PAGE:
Sadly, Raymond Rathlé lost focus. He makes money selling specialty foods, not producing them. He should have started looking for a contract food manufacturer in a more stable area immediately. With a contractor in place, he could concentrate on selling to his current clients and finding new ones in fast-growth markets such as Baton Rouge. Cajun food has become much more mainstream, making it attractive for wider distribution.
National accounts manager
Say goodbye--for now
From a valuation perspective, selling Carnival Brands at this point would be disastrous. Without sales, Rathlé is selling customers, goodwill, and a building. He certainly would not recover his 10 years of sweat equity. Instead, he should rent out his building--giving it time to increase in value as New Orleans recovers--and use the income to lease a new facility farther inland. He should ask his former clients for new contracts and continue to live in New Orleans to make sure they see him there. Then, in 18 months, he should look at property prices and reevaluate whether he should sell his building. He will be making a lot of trips between his beloved city and a new location, but it will pay off.
CEO, Pegasus Commercial Mortgage
Move and merge
The case study about Carnival Brands focused heavily on what Rathlé has lost. But he needs to focus on what he still has: the ability to expand a product line and manage people. To leverage that ability, he should rent out his building and merge with a food company in the Southeast that doesn't have Katrina-related problems with insurance and labor. He should look for a company that has a few good products but needs someone like him to jump-start growth. If he makes a go of it in, say, Atlanta or Orlando, he can return to New Orleans when the problems settle down. So I say move and merge!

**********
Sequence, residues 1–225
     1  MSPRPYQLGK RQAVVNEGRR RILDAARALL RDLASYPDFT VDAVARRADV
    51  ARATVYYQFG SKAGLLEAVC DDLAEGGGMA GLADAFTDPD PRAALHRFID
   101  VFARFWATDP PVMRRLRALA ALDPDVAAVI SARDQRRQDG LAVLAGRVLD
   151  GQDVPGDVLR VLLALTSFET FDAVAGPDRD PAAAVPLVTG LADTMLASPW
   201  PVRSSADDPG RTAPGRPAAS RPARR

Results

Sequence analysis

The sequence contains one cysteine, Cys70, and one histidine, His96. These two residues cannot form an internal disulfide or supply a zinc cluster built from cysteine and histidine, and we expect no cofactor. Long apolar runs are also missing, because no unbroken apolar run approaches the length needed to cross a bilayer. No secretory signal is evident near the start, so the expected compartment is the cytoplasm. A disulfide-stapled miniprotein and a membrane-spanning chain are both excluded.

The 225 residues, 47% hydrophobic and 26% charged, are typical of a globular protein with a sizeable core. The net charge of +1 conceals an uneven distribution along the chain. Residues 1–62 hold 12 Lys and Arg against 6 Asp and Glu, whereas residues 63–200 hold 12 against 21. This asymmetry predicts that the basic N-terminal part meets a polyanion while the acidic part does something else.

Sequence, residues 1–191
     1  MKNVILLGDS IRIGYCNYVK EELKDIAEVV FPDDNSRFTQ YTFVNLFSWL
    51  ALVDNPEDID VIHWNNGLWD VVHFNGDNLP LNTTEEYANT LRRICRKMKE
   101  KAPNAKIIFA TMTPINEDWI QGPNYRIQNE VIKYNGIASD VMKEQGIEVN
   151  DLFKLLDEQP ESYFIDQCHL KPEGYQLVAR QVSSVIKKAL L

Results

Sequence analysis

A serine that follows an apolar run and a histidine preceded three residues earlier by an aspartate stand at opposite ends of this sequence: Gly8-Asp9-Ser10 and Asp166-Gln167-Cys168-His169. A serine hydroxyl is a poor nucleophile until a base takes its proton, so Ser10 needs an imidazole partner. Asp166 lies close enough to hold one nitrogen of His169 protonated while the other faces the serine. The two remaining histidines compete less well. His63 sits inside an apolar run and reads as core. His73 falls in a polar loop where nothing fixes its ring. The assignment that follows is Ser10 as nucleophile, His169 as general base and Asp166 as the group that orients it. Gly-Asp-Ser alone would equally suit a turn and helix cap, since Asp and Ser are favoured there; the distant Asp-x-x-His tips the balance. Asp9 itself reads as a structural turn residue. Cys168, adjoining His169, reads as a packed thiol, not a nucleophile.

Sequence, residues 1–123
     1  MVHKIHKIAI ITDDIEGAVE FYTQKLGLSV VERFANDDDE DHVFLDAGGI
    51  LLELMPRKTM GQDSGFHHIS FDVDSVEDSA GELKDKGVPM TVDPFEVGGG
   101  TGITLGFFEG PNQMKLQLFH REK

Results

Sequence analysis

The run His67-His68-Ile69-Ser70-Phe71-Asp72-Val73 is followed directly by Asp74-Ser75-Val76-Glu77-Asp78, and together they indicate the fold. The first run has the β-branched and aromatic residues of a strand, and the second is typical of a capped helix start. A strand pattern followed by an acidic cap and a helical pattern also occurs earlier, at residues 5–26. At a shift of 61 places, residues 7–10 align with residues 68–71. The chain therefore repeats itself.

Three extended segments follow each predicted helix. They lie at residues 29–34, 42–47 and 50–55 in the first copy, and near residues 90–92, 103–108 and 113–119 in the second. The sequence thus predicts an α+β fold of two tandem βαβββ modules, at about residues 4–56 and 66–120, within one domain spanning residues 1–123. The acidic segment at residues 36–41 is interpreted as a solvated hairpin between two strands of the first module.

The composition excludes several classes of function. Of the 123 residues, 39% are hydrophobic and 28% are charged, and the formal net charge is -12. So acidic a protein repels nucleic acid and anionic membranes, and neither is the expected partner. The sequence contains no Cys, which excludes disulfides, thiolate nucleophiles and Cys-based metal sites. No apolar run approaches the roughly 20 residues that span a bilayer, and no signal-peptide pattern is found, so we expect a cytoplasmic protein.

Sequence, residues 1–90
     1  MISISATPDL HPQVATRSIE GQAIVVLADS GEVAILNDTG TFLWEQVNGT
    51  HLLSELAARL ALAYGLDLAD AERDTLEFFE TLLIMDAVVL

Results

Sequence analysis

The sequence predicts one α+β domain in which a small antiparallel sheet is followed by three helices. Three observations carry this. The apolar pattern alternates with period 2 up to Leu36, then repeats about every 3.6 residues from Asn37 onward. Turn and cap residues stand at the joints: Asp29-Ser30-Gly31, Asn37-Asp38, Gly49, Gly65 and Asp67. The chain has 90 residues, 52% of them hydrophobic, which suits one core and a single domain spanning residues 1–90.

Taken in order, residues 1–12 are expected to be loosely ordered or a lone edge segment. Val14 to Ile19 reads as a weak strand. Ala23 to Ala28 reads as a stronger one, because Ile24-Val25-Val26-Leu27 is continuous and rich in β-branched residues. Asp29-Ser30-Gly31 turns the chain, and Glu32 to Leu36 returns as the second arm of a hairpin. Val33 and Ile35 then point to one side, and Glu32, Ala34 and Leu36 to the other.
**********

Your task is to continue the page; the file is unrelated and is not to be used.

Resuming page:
President, JP Systems
Hang in there
Rathlé has another good alternative: He can rent his New Orleans facility to another food processing company and subcontract Carnival's manufacturing to the tenant through a co-pack arrangement. Margins would be tighter, but the strategy would allow Rathlé to focus on building sales volume to a point where he can think about self-manufacturing again. He might even consider making the short-term solution a long-term strategy.
Anthony Dal Porto
Advanced Process Systems
Rathlé must pick up his business and go elsewhere. He is competing against other companies in his industry that have not had huge increases in labor and insurance costs. Since he cannot change those dynamics while remaining in New Orleans, he must move to a more stable region. Granted, his transportation expenses will increase if his clients are based mostly in southern Louisiana, but those costs are likely to be considerably smaller than the overhead he'll have in New Orleans. On the positive side, he has a loyal consumer and distribution base that, with time (and promotion), will probably return to his products.
Market president, Frost Bank